The role of sound macroeconomic policies is to provide conditions conducive to employment creation and growth. Structural reforms, consistent with sound fiscal positions in the short and medium term, are essential to increase productivity and employment in the medium term, thus leading to the full realisation and strengthening of growth potential. They also contribute to fiscal sustainability, macroeconomic stability and resilience to shocks. At the same time, appropriate macroeconomic policies are key towards reaping the full benefits of structural reforms in terms of growth and employment. A key feature of Member States’ overall economic strategy is to ensure that they have a consistent set of structural policies that support the macroeconomic framework and vice versa. In particular, market reforms need to improve the overall adaptability and adjustment capacity of economies in response to changes in cyclical economic conditions and also longer term trends such as globalisation and technology. In this regard, an effort towards reforms of tax and benefit systems should be pursued in order to make work pay and avoid any possible disincentive for labour market participation.
Guideline No 5. To promote greater coherence between macroeconomic, structural and employment policies, Member States should pursue labour and product markets reforms that at the same time increases the growth potential and support the macroeconomic framework by increasing flexibility, factor mobility and adjustment capacity in labour and product markets in response to globalisation, technological advances, demand shift, and cyclical changes. In particular, Member States should renew impetus in tax and benefit reforms to improve incentives and to make work pay; increase adaptability of labour markets combining employment flexibility and security; and improve employability by investing in human capital. See also integrated guideline ‘Promote flexibility combined with employment security and reduce labour market segmentation, having due regard to the role of the social partners’ (No 21 and No 19).
A.2. Ensuring a dynamic and well-functioning euro area
The need to achieve higher growth and employment is particularly acute in the euro area given its recent subdued economic performance and its low level of potential growth of around 2 % (Commission estimates). In its last spring forecast, the Commission revised downwards its prevision for 2005 at a 1,6 % growth in the euro zone. Economic divergence may increase in the euro zone, in terms of growth, internal demand and inflation pressures. The deceleration of economic growth in the euro area in the second half of last year can be attributed to both external factors, high and volatile oil prices, slowing global trade growth and the appreciation of the euro, as well as internal rigidities. On the external side, adverse oil price developments and persisting global imbalances continue to represent non-negligible downside risks.
Domestic demand has been particularly muted in the euro area, with both private consumption and investment significantly below that of the EU-25 as a whole in 2004. Muted private consumption seems to be rooted in continuing concerns regarding in particular employment prospects (with unemployment continuing to be around 9 %) as well as income prospects in the medium term. The level of confidence and the lack of sustained improvement on the consumption side have continued to weight on investment.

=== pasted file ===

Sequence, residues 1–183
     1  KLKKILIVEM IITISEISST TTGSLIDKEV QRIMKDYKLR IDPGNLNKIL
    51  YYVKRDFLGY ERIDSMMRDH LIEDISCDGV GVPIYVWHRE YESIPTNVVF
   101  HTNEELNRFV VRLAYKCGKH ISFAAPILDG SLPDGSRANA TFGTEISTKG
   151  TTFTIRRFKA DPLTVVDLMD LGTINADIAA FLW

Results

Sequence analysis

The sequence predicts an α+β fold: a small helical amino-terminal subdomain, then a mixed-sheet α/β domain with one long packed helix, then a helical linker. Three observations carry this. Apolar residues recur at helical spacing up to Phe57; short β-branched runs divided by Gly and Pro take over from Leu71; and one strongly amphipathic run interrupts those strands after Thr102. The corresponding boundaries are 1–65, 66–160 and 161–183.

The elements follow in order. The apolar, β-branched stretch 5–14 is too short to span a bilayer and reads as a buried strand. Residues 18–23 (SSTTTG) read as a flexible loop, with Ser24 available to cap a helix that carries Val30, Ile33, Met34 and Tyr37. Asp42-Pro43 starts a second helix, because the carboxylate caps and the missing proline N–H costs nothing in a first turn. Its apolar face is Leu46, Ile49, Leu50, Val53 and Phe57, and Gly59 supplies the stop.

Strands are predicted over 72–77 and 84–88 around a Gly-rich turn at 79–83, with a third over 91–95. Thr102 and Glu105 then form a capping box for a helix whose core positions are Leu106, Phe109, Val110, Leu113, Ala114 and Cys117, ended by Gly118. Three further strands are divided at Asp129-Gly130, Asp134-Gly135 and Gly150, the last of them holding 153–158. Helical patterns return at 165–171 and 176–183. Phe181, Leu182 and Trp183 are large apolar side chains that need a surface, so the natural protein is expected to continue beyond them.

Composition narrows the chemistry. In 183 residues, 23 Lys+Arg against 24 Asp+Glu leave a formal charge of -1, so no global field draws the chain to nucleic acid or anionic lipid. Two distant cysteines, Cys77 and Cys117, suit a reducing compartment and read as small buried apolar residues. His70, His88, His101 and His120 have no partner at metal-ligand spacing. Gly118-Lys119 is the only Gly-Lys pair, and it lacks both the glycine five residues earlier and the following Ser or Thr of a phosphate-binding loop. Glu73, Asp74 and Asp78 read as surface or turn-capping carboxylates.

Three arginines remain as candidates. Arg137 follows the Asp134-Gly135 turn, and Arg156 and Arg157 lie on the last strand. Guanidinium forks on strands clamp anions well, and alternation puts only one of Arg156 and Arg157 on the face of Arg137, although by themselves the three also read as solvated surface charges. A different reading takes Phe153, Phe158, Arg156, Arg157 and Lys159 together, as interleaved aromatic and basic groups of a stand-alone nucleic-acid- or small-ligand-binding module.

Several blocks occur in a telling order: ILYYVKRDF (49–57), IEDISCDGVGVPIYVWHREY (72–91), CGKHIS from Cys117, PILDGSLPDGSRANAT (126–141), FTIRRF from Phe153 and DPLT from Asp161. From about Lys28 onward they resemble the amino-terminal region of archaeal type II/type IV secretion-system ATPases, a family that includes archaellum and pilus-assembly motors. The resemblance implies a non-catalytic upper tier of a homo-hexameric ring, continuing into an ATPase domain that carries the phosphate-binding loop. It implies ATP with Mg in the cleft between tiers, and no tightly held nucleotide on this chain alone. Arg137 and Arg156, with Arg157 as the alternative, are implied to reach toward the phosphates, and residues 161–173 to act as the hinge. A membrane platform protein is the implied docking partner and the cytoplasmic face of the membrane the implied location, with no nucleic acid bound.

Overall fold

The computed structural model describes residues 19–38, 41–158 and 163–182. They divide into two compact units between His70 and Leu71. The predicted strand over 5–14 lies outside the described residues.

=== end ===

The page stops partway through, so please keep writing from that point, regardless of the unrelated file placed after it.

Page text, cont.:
The challenge for the euro area is to ensure the realisation of current growth potential and even more to raise its growth potential over time. This is best achieved through growth and stability orientated macroeconomic policies and comprehensive structural reforms. Both are also particularly salient for euro area and ERM2 Member States as they have an important impact on their capacity to adequately adjust to shocks with an asymmetric impact and therefore on the economic resilience of the euro area as a whole. Furthermore, the economic performance of, and policies pursued by, individual euro area Member States affect common goods such as the euro’s exchange rate, interest rates price stability and the cohesion of the euro area. All this implies a need for effective policy coordination, both in the EU and in the euro area, to improve growth potential and performance.
The absence of national interest and exchange rate policies implies also an increased need to achieve and maintain sound budget positions over the cycle which provide sufficient budgetary margin to absorb the impact of cyclical fluctuations or economic shocks with an asymmetric impact. Structural policies that foster the smooth adjustment of prices and wages are essential to ensure that euro area Member States have the capacity to rapidly adjust to shocks (such as the current oil price shock) and to help to avoid unwarranted inflationary developments. Policies that increase the responsiveness of labour markets, through encouraging widespread labour participation, occupational and geographical mobility and the setting of wages, together with appropriate product market reforms, are particularly important in this respect.
In the short run, the policy mix in the euro area needs to support economic recovery while at the same time safeguarding long-term sustainability and stability. At the current juncture, it is important that the policy mix underpins confidence among consumers and investors, which also implies remaining committed to medium-term stability. Budgetary policy has to ensure a fiscal position consistent with the need to prepare for the impact of ageing populations on the one hand and to accomplish a composition of public expenditure and revenues that fosters economic growth on the others.